“Otherness” is the paramount issue for our day. ‘Otherness” (and it is usually enclosed in quotes) refers to the awareness and experience that “beyond the small bright circle of our consciousness lies the dark” (Conrad Aiken) and that beyond that darkness lies the object world. The task is to venture into that darkness, struggle through it, and find the “light” that lies beyond. This “light” represents our escape from the Platonic shadow world and allows us to see things, including people, as they are and not merely as a means to fulfill our needs. They are “other” than we are. Their wishes, their desires, their fancies, their intents will be different from ours in very critical ways. And we don’t have to like them, we don’t have to even put up with them, we can always just leave them alone and try to avoid them. And, yes, there are times when their “otherness” is of such a nature that our “respect” for them will not over rule a responsibility to call the cops! But we will still respect them, realizing that “there go I, but for the Grace of God.”
But venturing into this darkness of “otherness” is often scary as hell and somehow hell is very related to this spiritual adventure. But that is another story. This experience of “otherness” has been written of from ancient times though it was described in different words. For example, I think Jonathan Edwards famous sermon “Sinners in the Hands of an Angry God” is an example of the terror that is often encountered in this adventure. And too often the terror is so intense that a quick antidote is sought and one will do as Kierkegaard suggested and grab the nearest bit of flotsam and jetsam that the vortex provides. And these antidotes can play a role if they are merely used as a respite and are not glommed onto as a means of preventing any further spiritual growth; further spiritual growth will always entail imbibing more of this terror.
St. Augustine’s conversion also reflects this same subjective anguish. In his “Confessions” he declared, “At the very moment wherein I was to become other than I was, the nearer it approached me, the greater horror did it strike into me; yet it did not strike me back, nor turned me away, but held me in suspense.” He even used the term “other” and I liked his phraseology, becoming “other than I was” which reflected he knew this was a moment of transformation, rebirth, or salvation. And though this terror was great, yes this “God” appeared very angry, “it did not strike me back” but actually…if I might exercise my literary license here…”held me in its loving arms.”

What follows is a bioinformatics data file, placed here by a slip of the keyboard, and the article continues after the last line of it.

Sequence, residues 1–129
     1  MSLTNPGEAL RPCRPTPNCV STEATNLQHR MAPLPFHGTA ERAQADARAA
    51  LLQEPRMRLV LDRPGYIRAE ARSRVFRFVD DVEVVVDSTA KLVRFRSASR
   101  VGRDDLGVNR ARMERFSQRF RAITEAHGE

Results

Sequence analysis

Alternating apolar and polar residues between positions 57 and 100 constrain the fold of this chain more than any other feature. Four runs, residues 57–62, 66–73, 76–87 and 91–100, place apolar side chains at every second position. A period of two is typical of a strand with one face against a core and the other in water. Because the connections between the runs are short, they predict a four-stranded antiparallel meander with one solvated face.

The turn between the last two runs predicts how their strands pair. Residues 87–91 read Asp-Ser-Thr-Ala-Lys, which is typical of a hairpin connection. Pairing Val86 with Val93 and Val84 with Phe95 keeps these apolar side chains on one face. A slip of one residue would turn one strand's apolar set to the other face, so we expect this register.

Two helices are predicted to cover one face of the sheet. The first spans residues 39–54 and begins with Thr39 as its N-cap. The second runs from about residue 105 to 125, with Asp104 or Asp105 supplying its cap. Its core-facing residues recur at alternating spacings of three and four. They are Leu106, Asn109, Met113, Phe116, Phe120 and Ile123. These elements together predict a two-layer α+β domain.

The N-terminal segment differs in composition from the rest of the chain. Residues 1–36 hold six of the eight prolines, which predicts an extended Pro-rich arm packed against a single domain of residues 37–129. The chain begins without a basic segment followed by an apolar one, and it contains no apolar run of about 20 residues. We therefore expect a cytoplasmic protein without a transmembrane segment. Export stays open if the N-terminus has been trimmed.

And I love Aeschylus’ reference to the “awful grace of God.”. This Grace is perceived to be “awful” because our pretenses, our illusions, our vanities, our false gods are melting in the “judgment of God” which precedes are awareness of God’s infinite mercy and grace. It is not that God is awful, or even judgmental. It is merely that our ego clings so desperately to our fig leaves that having them dissolve so suddenly….and even if it is over the course of a lifetime it can still be conceived as “suddenly”…feels like we are “sinners in the hands of an angry (judgmental) God.”
Rilke in the Duino Elegies described this experience with otherness as a terrifying moment, declaring, “Beauty is only the first touch of terror we can still bear and it awes us so much because it so coolly disdains to destroy us.”
And then there is Emily! Ms. Dickinson certainly understood and embodied otherness and her brilliant poetry illustrates this so beautifully. I’m going to share one of her poems which is so terrifying, not merely because of the imagery, but because in this poem she does not conclude with the Grace that she acknowledges elsewhere in her work:
He fumbles at your spirit
As players at the keys
Before they drop full music on;
He stuns you by degrees,
Prepares your brittle substance
For the ethereal blow,
By fainter hammers, further heard,
Then nearer, then so slow.
Your breath has time to straighten,
Your brain to bubble cool—
Deals one imperial thunderbolt
That scalps your naked soul.